Updated: Aug 10
June 04, 2020
A Lithuanian-born and New York-based artist, Alex Shabatinas is known for a body of work that represents a synthesis of two opposite directions - surrealism and realism. Combining abstract and surreal elements, he creates a distinct fantastical world rich with meaning and deep feelings.
Starting his works as improvisations on an undefined theme, Shabatinas allows his imagination to take over as he randomly places paint on his canvas. He intentionally leaves his pieces untitled, allowing the viewers to get emotionally invested in them and find something truly their own. The artist describes this process as the "Initiation into Mystery".
Alex's latest body of work will soon be on view at Artios Gallery in New York. On the occasion of the show, we had a chat with the artist about the works on view, his distinct style, his working process, and much more.
The Exhibition at Artios Gallery
Widewalls: Could you tell us something about the concept of the show?
Alex Shabatinas: The concept is straightforward. When Artios Gallery offered me a representation a year ago, I gave them the majority of my available works. In previous years, I sold a lot of paintings from different cycles.
That is why the titles are not consecutive. This show is my first with Artios and represents a selection of works from various cycles. Since all of them are conceptually continuous, it really doesn’t matter what cycle they are from. The viewers can decide whatever one appeals to them most.
Widewalls: Your works combine surrealism and realism, creating a distinct fantastical world. How did you arrive at this style?
AS: Surrealism and realism complement each other, in my opinion. This intertwining is a subconscious desire to express my imagination, understanding of harmony, and my feelings.
In my works, I am trying to convey a sense of conciliation and calmness, to show the world free of brutality and aggression. Each work reflects some philosophical questions to which I seek an answer; it is a continuation of a dialogue with myself lasting a lifetime.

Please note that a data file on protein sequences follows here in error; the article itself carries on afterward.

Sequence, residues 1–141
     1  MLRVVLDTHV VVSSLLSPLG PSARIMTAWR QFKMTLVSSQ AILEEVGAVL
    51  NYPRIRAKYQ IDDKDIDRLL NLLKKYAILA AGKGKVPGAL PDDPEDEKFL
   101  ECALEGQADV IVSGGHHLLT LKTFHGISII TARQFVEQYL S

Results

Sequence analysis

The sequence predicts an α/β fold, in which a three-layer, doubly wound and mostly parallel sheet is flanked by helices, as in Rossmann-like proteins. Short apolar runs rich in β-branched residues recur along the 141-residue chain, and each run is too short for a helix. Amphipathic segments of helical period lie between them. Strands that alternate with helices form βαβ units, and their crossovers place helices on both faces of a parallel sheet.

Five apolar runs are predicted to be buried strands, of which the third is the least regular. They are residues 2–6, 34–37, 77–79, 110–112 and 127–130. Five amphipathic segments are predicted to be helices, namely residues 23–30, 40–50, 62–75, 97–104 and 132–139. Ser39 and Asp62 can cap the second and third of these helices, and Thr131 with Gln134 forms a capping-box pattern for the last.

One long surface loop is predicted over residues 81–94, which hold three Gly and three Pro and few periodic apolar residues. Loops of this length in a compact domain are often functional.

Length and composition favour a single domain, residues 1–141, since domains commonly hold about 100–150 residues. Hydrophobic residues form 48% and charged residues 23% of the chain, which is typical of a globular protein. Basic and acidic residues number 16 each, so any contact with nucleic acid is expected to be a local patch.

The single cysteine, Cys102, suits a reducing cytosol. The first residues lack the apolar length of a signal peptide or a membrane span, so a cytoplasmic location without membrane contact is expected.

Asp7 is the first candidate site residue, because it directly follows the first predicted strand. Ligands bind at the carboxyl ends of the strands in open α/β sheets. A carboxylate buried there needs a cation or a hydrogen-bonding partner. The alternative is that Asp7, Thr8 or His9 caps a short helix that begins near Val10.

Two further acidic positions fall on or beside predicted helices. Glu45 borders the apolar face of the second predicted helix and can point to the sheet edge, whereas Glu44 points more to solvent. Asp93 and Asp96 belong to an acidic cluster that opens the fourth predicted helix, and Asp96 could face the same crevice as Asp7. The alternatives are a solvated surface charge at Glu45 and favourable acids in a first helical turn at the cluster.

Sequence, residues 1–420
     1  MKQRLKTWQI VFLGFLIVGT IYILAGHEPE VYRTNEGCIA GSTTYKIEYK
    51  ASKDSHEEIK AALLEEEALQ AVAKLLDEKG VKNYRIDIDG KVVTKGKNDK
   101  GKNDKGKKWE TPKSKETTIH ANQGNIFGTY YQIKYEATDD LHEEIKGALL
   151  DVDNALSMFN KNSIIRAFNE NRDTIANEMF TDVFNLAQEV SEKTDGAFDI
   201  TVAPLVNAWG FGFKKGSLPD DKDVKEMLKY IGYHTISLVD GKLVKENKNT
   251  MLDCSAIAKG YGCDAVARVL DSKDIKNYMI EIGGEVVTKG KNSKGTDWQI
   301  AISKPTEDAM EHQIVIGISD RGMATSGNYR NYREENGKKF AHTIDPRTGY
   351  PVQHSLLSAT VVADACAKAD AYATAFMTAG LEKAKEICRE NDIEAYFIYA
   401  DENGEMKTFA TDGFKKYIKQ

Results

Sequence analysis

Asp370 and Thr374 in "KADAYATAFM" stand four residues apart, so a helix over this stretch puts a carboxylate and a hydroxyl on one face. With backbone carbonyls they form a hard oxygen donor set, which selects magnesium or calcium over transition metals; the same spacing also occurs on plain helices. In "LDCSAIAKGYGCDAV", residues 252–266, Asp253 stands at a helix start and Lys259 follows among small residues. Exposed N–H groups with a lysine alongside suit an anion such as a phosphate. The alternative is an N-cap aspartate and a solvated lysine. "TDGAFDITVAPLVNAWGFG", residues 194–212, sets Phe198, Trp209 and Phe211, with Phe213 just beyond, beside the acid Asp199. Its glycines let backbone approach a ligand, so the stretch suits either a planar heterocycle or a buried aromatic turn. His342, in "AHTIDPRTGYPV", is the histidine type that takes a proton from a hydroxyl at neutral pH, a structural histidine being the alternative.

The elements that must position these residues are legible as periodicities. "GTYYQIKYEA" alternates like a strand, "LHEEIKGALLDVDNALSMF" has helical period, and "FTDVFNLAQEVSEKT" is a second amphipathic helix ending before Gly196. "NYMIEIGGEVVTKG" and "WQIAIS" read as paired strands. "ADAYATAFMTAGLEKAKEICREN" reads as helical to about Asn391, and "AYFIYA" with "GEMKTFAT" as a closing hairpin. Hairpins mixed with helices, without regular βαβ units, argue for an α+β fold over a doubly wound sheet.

Alex Shabatinas - Beginning of tale II, 2003
Giving the Viewer's Imagination Free Rein
Widewalls: All of your works are intentionally untitled. What is the idea behind this decision?
AS: When a painting has a title, it inadvertently impacts a viewer’s perception of it, influencing the desire to confirm and justify it.
In the untitled work, the viewers are free to name it and interpret it according to their imagination, based on their spiritual world view and life experience.
Organizing my paintings into cycles of 12 and giving those cycles names, such as Time, Dream, etc., I still slightly push my viewers towards the philosophical concepts of my works, assigning them the numbers as the days in our calendar.
Widewalls: Has your Lithuanian background influenced your work in any way?
AS: I don’t think so. I don’t feel any particular impact of my Lithuanian background. My works don’t have a distinct marker that would define an artist’s nationality. However, I identify with the European cultural heritage.
Left: Alex Shabatinas - Tale XII, 2005 /Right: Alex Shabatinas - Time I, 2001
The Working Process
Widewalls: You describe your works as improvisations on an undefined theme. Could you tell us something about your working process?
AS: It's very simple - pure improvisation. The paint is applied randomly to the canvas, and the imagination turns on, varying with each new brushstroke. With the help of music, you enter into some kind of trance – this is the first phase of my creative process. The second phase is more deliberate.
The result could be defined as surrealism with realistic elements. However, I think that my paintings could be attributed to symbolism as well. It doesn't really matter to me.
Widewalls: You have been working in cycles, creating five bodies of work of twelve paintings. Could you tell us something about the current body of work you are working on?
AS: I am currently working on the cycle Narration. Nine paintings out of twelve have been completed. The remaining three are underway. I hope to finish them soon. I am curious to see how they come out.
Widewalls: What’s next for you?
AS: After I finish the Narration cycle, there will be another one... I hope. After all, the process of creating is fascinating; you immerse yourself in this atmosphere. You don't know what will come out. It is a different feeling and a different world.
Featured image: Alex Shabatinas - Tale XII (detail), 2005. All images courtesy of Artios Gallery.
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